Griffith hosted a range of international dignitaries this week, including the Sri Lankan Foreign Minister, in a whirlwind showcase tour of the MIA.
The arrival of the Sri Lankan Foreign Minister, the Hon. Vasantha Senanayake, and Secretary to the Foreign and Chief Minister Surenthira Kunaratnam to Griffith came on invitation from Troy Stewart and Marcello Casella, who were keen to show off the unique agricultural opportunities the region has to offer on a private tour.
Mr Stewart and Mr Casella made preparations for the group’s visit to what Mr Casella calls “the food bowl capital of Australia”, to promote the region’s strong agriculture industry and co-operation opportunities.
Mr Stewart said his and Mr Casella’s passion for the region has seen them team up in an effort to secure business opportunities and a more vibrant future for Riverina regional industry.
He believes hosting such dignitaries is beneficial to the region and can only improve relationships with Griffith’s global neighbours and partners, while opening potential new markets and contributing to the Sri Lankan agricultural industry.
"We share a common goal in our culture and through our discussions with the ministry and the high priest sending their farmers over for educational skills, we see an opportunity in the Riverina to build the farmers and vice versa," Mr Stewart said.
"Yes, there'll be more visits like this in the future, further ministers from Sri Lanka I've had meetings with Pelisge Harrison, the Agriculture Minister who has a vision on joining us here in Australia in the next few weeks.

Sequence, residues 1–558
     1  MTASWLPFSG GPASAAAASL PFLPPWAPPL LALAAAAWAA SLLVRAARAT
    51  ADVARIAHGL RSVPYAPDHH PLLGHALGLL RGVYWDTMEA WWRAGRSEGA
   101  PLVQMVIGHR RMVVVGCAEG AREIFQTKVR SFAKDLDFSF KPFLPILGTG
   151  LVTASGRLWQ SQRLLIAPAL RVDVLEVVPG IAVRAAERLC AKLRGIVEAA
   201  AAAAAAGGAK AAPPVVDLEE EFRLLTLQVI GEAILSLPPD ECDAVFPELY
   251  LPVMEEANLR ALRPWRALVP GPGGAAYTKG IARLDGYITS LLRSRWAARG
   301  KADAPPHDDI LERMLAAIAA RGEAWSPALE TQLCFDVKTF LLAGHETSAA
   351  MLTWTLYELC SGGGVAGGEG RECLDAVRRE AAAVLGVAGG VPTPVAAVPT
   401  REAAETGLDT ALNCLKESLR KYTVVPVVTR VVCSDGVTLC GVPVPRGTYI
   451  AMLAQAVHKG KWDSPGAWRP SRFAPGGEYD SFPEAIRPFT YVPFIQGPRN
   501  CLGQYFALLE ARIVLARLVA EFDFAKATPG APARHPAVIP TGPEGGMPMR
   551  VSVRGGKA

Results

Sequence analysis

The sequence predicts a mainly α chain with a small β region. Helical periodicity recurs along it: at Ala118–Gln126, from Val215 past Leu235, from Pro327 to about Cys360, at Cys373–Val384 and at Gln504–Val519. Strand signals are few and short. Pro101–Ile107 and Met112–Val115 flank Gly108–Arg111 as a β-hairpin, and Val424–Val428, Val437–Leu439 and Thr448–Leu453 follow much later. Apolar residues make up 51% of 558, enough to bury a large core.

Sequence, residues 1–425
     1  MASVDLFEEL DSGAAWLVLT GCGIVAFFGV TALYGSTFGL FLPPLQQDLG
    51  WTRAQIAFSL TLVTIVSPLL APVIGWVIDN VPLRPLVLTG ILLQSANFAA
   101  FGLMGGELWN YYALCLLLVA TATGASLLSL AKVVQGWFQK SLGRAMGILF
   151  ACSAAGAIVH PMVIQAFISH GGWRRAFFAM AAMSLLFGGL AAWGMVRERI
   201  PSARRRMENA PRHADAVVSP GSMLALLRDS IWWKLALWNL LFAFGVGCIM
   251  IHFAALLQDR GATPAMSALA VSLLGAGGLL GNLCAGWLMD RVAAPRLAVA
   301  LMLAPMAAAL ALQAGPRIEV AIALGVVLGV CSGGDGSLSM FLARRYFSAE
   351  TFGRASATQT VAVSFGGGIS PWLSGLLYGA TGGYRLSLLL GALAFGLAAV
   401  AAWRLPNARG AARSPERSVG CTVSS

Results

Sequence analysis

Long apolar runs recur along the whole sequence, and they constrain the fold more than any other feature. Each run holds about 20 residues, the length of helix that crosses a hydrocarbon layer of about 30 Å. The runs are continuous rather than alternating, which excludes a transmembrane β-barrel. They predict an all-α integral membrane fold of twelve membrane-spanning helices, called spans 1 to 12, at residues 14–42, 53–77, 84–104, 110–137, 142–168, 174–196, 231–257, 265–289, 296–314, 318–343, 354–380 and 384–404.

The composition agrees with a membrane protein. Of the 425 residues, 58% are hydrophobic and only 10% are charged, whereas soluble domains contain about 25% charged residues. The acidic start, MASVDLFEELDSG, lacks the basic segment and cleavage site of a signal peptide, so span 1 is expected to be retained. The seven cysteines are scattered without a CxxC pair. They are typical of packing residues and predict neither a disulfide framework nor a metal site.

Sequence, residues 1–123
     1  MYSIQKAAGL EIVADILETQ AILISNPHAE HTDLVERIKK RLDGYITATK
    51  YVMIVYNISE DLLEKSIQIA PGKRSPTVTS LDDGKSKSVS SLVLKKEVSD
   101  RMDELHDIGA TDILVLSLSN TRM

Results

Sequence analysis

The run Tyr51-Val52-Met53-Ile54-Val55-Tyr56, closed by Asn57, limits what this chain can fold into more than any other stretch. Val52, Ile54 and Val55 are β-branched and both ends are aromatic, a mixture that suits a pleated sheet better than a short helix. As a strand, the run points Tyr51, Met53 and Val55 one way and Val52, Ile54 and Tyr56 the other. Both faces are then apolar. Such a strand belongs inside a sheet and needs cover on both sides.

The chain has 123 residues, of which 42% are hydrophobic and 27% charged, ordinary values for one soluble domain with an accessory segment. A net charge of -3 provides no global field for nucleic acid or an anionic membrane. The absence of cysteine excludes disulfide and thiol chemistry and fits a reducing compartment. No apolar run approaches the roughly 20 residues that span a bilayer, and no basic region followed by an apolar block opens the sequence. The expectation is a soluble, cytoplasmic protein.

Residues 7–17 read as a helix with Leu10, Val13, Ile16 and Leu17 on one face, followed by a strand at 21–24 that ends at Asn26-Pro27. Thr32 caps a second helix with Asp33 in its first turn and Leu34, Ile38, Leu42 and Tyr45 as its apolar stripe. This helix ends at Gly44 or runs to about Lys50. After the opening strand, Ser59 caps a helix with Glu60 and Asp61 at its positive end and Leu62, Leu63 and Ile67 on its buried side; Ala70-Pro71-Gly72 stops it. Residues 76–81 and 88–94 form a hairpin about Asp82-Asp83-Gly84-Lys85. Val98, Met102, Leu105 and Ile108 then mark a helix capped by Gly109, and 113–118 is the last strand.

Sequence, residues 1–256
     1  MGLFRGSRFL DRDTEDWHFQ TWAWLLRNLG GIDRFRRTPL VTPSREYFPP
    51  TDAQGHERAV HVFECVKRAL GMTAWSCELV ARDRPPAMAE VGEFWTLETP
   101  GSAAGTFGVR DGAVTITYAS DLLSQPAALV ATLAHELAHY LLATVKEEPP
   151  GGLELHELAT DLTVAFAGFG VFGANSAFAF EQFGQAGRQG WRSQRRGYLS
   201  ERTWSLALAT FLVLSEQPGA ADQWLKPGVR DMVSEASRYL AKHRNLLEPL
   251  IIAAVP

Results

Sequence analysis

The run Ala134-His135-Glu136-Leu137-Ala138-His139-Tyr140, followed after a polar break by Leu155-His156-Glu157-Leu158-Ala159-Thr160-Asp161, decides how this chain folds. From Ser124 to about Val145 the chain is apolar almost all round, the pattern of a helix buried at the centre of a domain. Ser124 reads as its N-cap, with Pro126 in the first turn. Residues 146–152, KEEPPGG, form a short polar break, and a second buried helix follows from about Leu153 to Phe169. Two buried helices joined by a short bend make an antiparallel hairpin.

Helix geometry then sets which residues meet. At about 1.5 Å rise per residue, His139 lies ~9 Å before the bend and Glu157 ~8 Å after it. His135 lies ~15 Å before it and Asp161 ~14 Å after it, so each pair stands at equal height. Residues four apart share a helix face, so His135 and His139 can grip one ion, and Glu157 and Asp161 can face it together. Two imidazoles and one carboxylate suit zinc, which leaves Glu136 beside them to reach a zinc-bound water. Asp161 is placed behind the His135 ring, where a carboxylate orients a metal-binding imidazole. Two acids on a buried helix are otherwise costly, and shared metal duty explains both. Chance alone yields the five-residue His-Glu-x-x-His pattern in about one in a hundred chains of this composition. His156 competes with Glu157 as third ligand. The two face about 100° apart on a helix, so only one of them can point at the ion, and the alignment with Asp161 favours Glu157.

Minister Senanayake says Australia is more practical in agriculture, and says the two countries have a history of sharing knowledge after the Colombo Plan was established in 1948.
“The purpose of the visit was to see how Australia and Sri Lanka can cooperate and in particular what we can do in Sri Lanka with Australian assistance, perhaps, with technology for instance,” Minister Senanayake said.
“Sri Lanka can become a venue for Australian investors in regards to industrialisation as well.
“I’ve seen many places of great potential, how we are going to adopt and adapt all of those things in Sri Lanka remains to be seen in a viable and practical way.
“That’s what we’ll be exploring.”
The tour took in a diverse range of agricultural businesses of the MIA, including a visit to a fish farm, winery, the cotton gin, and packing house.
Director of Southern Cotton Roger Cummins hosted the delegation on Tuesday morning.
Mr Cummins built the cotton gin in Whitton in 2011 and combined with fellow fish farmer Matthew Ryan to found Murray Cod Australia at Bilbul.
Going forward Mr Cummins feels countries like Sri Lanka are essential markets for MIA produce.
“This region has this wonderful diversity of horticultural, viticulture, vegetable produce, nut production, aquaculture,” Mr Cummins said.
“It is endless.
“At the end of the day these people are going to come here and access so many products just in this local region, which makes us so unique.
“We can only encourage visits like this to the region and hopefully see use for the produce.”